Managing the Finances of Cancer
It is truly not fair that having cancer is so expensive. Many people are already living paycheck to paycheck, and adding medical costs (co-pays, deductibles, over the counter drugs, etc.) and associated costs (parking fees, more gasoline, childcare, more take out food, etc.) to a likely reduced income can be extremely difficult. Yesterday, for example, one of our doctors came into my office to ask if there were a way to cover the day's parking fee for a new patient, a disabled vet who had admitted that he had only two dollars in his wallet. One of my colleagues asked for help from our Patient Needs Fund (also covered that parking) to help buy groceries for a family whose earner is in the hospital, and they are trying to live on ZERO income. Another patient told me that she had cancelled her treatment appointment because she can't pay the high co-pay required for the drugs.
This is a huge and growing problem across the country, and I surely don't have easy solutions. Wherever you receive your treatment, ask if there is an oncology social worker who can connect you with the available resources. Here are a few online suggestions.
First from the Cancer Support Community. Follow the link to read more and be sure to scroll all the way down for a list of resources that you can download.
Managing the Cost of Cancer Care - Where do I begin?
Choosing Someone to Coordinate the Financial Costs Associated with your Cancer Care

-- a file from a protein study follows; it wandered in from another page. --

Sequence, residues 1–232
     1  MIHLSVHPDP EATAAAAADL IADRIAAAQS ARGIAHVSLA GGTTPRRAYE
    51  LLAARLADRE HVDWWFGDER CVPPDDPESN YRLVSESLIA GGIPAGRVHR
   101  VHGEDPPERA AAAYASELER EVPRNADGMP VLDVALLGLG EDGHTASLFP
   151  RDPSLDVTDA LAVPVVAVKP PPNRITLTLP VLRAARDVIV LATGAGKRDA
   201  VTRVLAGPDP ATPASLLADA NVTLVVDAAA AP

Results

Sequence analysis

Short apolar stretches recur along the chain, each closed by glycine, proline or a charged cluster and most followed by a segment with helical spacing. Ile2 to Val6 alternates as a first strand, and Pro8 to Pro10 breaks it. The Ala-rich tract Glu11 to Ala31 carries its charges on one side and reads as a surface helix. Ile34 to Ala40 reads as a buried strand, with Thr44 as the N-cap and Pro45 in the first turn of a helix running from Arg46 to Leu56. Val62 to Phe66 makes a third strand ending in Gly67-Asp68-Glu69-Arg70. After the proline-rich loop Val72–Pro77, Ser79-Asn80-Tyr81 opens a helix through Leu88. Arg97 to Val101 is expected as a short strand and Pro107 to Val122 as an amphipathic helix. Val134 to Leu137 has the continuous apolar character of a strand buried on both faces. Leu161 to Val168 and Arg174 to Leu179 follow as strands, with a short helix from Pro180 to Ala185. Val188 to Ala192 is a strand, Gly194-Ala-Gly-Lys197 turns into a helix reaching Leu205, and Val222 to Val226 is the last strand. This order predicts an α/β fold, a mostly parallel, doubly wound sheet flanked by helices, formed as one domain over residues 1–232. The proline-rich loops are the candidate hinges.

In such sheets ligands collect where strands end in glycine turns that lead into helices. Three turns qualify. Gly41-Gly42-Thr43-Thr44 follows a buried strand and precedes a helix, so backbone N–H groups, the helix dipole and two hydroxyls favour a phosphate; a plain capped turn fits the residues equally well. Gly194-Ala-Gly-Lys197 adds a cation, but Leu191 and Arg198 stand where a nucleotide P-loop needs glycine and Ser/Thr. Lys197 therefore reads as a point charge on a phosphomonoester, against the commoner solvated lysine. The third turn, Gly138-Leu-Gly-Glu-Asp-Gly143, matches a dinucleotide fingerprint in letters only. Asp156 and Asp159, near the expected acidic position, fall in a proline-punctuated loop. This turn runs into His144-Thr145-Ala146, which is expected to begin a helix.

The very first question you should ask about managing the financial aspects of cancer is: “Am I able to coordinate the financial piece of my cancer care right now?” If you answer “No,” perhaps you can ask a friend or family member to do this for you. If you feel there is not a friend or family member who can help you, ask your doctor to refer you to an oncology social worker or to a nonprofit organization for help managing financial issues. Many people diagnosed with cancer ask someone else to keep up with the financial aspects of care. The key is that someone must address these issues.
Until now, it has been difficult to find one place where people affected by cancer could learn about practical matters such as insurance coverage, Medicare and Medicaid, co-pay assistance, Patient Assistance Programs, Social Security and other resources to help manage cancer-related finances. Our goal is to provide a road map to the financial side of the cancer experience.
Cancer Care has just published a new booklet, and has internal funds that sometimes help. Here is the link to their page about this: http://www.cancercare.org/financial
And here is a brand new resource for people with Stage III or IV lung cancer:
Cancer Support Community in partnership with the Lung Cancer Alliance announces a Travel Assistance Grant (TAG) Fund for people with advanced stage (IIIB or IV) lung cancer. Qualified applicants receive a $200 prepaid gas card to help ease the burden of driving to and from treatments. For more information about this program patients can call the CSC Helpline at 888 793-9355.